SNOHOMISH — Terry Lippincott wonders how many children have posed for a photo with the giant log.
The Douglas fir stump has been sitting outside the Carnegie library building in Snohomish since 1940.
“It’s the first thing you see when you approach from the north end,” Lippincott said.
She and her friend, Melody Clemans, believe it’s stayed in the same corner on Cedar Avenue. For a couple of decades there was no shelter to protect it. Even after a roof was built, the awnings weren’t wide enough to cover its sides. The structure hasn’t been renovated since.
That changed this weekend when the nonprofit Snohomish Carnegie Foundation replaced the covering. Clemans is president of the group, and Lippincott is a member.
The tree has a diameter of 12 feet, 5 inches. It was 620 years old the day it was cut down, according to a nearby sign. Nobody has counted the rings to check, as far as Clemans and Lippincott know.
Someday they hope to clean the log, which has turned nearly black from exposure. Vandals have marked it with blades and spray paint. The committee is researching how to refurbish the landmark without harming it.
Clemans believes it’s important to restore the downtown feature because of what it represents.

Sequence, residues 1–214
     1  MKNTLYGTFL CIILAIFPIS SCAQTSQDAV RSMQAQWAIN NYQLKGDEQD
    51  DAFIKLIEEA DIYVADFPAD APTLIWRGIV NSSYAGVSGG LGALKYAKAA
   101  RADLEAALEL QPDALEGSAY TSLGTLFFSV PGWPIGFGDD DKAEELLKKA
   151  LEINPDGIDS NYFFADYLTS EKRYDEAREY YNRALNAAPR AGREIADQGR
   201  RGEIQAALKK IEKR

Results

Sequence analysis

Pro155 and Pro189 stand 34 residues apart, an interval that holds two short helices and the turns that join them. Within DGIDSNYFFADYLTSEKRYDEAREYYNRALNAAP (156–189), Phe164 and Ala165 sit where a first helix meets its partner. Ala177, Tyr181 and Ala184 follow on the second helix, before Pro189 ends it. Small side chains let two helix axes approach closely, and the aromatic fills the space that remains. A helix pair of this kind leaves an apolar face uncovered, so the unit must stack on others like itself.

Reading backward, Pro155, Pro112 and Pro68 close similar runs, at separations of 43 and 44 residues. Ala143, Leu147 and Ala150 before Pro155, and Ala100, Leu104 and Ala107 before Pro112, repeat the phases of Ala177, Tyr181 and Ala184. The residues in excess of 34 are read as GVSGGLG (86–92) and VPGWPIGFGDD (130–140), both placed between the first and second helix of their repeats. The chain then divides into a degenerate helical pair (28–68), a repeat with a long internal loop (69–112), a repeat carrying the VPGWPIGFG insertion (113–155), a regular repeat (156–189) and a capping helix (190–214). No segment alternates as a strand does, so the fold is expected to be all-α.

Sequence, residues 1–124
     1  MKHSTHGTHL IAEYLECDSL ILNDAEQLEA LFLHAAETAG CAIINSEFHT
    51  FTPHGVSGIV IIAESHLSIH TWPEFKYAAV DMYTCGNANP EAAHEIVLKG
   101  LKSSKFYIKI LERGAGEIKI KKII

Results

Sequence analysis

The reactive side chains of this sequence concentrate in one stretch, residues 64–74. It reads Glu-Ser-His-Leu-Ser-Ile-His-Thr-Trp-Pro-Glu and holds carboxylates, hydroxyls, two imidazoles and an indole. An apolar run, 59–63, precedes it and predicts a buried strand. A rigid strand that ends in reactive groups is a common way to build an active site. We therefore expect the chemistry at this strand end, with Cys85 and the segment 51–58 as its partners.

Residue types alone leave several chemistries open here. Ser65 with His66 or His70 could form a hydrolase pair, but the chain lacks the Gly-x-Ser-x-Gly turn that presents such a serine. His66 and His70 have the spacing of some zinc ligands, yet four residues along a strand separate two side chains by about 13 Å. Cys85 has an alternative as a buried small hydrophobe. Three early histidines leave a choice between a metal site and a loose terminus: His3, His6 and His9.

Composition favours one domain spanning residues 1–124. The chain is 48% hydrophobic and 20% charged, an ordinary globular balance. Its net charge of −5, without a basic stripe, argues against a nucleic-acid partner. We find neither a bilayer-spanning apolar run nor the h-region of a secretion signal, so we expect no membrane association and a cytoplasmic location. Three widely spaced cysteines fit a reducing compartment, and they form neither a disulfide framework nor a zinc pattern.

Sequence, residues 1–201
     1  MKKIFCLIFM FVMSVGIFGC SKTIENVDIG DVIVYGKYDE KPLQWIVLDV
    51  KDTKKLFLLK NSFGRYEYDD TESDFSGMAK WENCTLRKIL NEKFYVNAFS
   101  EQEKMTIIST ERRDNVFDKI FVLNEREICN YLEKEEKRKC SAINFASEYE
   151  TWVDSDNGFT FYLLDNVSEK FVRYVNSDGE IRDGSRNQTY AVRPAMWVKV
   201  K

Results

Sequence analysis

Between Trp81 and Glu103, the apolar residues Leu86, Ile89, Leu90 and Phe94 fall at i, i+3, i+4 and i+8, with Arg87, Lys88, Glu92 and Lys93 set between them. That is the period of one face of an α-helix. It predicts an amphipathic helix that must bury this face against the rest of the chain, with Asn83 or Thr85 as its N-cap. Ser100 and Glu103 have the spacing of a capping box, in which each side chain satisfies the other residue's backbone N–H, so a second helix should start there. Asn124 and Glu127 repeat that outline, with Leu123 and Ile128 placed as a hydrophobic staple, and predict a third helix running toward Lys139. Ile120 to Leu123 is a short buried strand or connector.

“The people who live here choose to live here because of the history,” she said.
Clemans’ family has lived in Snohomish for generations. Her father was born in 1909 and grew up here. Clemans also was raised here.
The Lervick Logging Co. brought the tree trunk to town for the Kla Ha Ya Days parade on First Street in 1940. It came from the Lake Roesiger area. Clemans has seen photos of her grandfather and uncle helping to tow it in.
“It represents this town and our roots,” she said.
All 11 board members have been working on the project since the summer. Others also have lent a hand.
Most of the time and materials have been donated. The city has paid for staff to oversee parts of the operation.
Only the canopy needed to be replaced. The frame was salvaged.
When the group started looking for materials, someone called Eric Fritch, who owns Chinook Lumber. He had a connection at Weyerhaeuser Timberlands. That company ended up giving about $1,500 worth of cedar.
Dan Reynolds is a foundation member and co-owns Wyser Construction, Inc. He’s provided tools and knowledge, and has offered his home as a storage space.
Each shingle is handmade. The team made them by wedging a metal blade into the cedar timber, and using a mallet to split the fibers. The pieces are either two or four feet long.
It took a few days to make 500 of them. Only a couple of knuckles got bruised.
The Snohomish Carnegie Foundation has partnered with the city to renovate the Carnegie library building. The city said the group’s contributions have been invaluable.